According to the Bloomberg Businessweek report, evidence of this espionage dates back to 2015 when Amazon was evaluating a potential acquisition company which relied on another firm called Supermicro Computer Inc to assemble motherboards on which the chips were allegedly discovered. Supermicro supplies some of the US’s largest tech companies, including Amazon and Apple.
The probe into this activity, which is still open, revealed that the chips allowed the attackers access to any network that included the altered machines. It is understood that the chips had been inserted at factories run by manufacturing subcontractors in China.
The report notes that China has an advantage executing this kind of attack, given that by some estimates it makes 75% of the world’s mobile phones and 90% of its PCs.
Apple, Amazon, Supermicro and the Chinese government have denied the allegations, but the story has has turned the nature of conflict between the US and China from a trade war into a tech war and in doing so, raises concern over US national security and how this could affect tech stocks.
Tech giants now bigger than the government
For Cole Smead, managing director and portfolio manager at Seattle-based Smead Capital Management, the episode highlights the dangers that have arisen from the governments allowing the booming tech sector to get bigger than the state.
“It brings up the question of how much the government has its hands on this, or what they even understand,” he says. “When they say, ‘You’ve got to be kidding me, we let a foreign agent sit in bank servers and government servers and so on?’ the answer is ‘yes’ because tech is bigger than government the last five years, it’s bigger than global governments. Look at the cash piles.”
Indeed, the Fed’s balance sheet stands at about $4.2trn (£3.2trn, €3.6trn) dollars whereas the combined market cap of Apple, Amazon, Google, Microsoft, Facebook, IBM and Yahoo stood at about $4.4trn, according to statistics website statista.com – a figure taken in June before Apple and Amazon each broke through the $1trn market cap barrier.
Smead partly blames the special tax privilege implemented by the federal government to protect internet companies in the pre-world wide web days when an emergency communication tool, the Advanced Research Projects Agency Network (ARPANET), was created that is understood to have been the technical foundation of the internet.
“The government was backing this ‘infatuation’ with technology, providing protections to it that we’ve never seen in modern America. This was allowed under the belief that we were in the nascent stages of what technology could do,” Smead wrote in a recent blog post.
FAANG ‘mania’ could end badly
Smead also notes this has been allowed to fuel a dangerous infatuation with technology, what he terms a “mania” that surrounds the 15 or so tech stocks driving the index relentlessly higher and the misallocation of capital to them. IT is the largest sector weight in the MSCI World Index at 19.1%, while five of the top 10 constituents are IT firms – Apple, Microsoft, Facebook, Alphabet A and Alphabet C.
He says like all manias, this one will end badly, stating that when it does 50-80% declines are not outlandish and even 90-95% is not far fetched.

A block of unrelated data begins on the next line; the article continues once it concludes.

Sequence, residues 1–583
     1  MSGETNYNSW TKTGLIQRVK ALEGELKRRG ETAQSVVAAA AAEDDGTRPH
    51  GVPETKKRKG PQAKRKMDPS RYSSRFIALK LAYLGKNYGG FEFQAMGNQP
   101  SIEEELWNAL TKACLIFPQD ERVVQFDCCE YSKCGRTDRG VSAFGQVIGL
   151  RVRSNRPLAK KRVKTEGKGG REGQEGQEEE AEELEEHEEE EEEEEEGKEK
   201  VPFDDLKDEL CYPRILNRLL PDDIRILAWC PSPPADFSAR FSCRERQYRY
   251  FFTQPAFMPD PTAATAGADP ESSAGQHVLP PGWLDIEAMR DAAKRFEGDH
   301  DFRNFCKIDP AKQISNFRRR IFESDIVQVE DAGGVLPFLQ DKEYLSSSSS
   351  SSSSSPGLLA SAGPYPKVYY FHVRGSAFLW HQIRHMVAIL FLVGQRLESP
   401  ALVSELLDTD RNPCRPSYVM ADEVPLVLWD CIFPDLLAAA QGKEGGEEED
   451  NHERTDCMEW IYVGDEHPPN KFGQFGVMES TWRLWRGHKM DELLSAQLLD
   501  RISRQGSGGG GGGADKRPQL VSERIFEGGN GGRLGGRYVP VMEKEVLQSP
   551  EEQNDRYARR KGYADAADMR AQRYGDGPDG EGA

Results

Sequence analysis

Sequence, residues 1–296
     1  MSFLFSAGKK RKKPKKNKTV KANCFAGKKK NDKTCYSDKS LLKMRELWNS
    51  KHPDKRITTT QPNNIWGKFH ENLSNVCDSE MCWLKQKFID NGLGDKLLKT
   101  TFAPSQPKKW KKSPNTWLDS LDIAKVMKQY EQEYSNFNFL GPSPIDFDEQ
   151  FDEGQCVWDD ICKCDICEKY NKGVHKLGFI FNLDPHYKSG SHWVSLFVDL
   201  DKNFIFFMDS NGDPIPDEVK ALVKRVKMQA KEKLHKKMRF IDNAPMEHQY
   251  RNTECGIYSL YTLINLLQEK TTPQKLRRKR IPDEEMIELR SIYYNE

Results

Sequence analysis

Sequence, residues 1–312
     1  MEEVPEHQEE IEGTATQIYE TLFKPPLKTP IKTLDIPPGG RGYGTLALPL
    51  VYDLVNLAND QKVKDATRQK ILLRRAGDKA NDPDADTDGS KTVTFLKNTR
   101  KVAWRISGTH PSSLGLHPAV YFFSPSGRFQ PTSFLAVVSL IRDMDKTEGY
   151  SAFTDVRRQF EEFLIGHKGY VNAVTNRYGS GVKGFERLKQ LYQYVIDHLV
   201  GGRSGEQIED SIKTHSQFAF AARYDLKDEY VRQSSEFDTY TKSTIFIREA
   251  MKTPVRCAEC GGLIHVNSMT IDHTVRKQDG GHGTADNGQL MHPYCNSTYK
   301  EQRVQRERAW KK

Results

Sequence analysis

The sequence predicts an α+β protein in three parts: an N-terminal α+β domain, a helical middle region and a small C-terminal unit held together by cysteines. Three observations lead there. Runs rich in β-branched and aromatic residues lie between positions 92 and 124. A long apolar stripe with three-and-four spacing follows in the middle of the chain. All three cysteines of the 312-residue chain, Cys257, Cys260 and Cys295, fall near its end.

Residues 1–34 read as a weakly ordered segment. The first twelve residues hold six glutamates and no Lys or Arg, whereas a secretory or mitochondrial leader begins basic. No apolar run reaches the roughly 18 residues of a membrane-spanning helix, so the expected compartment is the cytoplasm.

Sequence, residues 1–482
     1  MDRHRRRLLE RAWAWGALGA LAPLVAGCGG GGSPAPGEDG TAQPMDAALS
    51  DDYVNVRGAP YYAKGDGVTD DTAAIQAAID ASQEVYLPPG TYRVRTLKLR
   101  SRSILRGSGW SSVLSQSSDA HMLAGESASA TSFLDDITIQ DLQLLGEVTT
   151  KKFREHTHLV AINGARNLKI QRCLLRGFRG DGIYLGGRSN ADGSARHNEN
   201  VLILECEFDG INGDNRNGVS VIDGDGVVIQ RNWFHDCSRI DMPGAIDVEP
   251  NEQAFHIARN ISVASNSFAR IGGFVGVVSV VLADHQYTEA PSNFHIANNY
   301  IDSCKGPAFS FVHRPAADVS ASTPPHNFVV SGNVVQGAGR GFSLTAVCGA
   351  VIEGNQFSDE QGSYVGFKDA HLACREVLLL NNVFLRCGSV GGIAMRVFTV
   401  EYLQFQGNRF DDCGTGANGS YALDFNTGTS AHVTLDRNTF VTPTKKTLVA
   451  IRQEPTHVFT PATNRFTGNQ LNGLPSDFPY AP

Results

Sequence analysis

“Go look at every other mania, how did it end? It was catastrophic, it was nightmarish. We are going to see the madness of men. I’m not saying do not own US stocks, I’m telling people not to own the market and the mania.”
Governance in US tech companies
Louise Dudley, global equities portfolio manager at Hermes Investment Management, says governance remains fundamental when analysing companies within the tech space, particularly policies and processes around data privacy and cyber security.
She adds: “Legislation in this space in also driving change in both the EU and the US. Ongoing education on these topics within companies is important as well as having specific expertise within the leadership team and at board level. It is global, not just US centric.”
Structural growth dynamics still exist
Dale Robertson, co-manager of the Chelverton European Select fund, says the threat from alleged Chinese tech espionage is a valid structural risk that will cause people to rethink their portfolio exposure to technology.
“When you think about the whole technology supply chain, it has been globalised and consolidated so much that any hint of a halt to trade has a ripple effect, so there is an element of this affecting how people are viewing these companies.”
He notes Donald Trump’s efforts to onshore manufacturing in the US is likely to be driven in part by these scare stories.
Despite the heightened risk from a tech war, Robertson believes tech still has strong structural growth dynamics driven by companies’ ongoing need to embrace artificial intelligence, Big Data and the storage of data. All of this will drive the creation of IT services companies supplying storage facilities and microchips.
“These are very strong underlying trends which we believe to be very positive, albeit it is difficult to call the extent of this tech war/trade war. I suspect we will have more exposure to this over the next six months there are some very good companies in Europe that have exposure to this.”
Europe’s thriving small and mid-cap IT sector
Robertson admits Europe is not well known for its tech sector but says there is a thriving small and mid-cap tech space, particularly IT services companies, if one scratches beneath the surface.
“We believe IT services is a pocket of real value in Europe because of the growth of trends that play into it. I suspect we will have more exposure to this over the next six months there are some very good companies in Europe that have exposure to this.”
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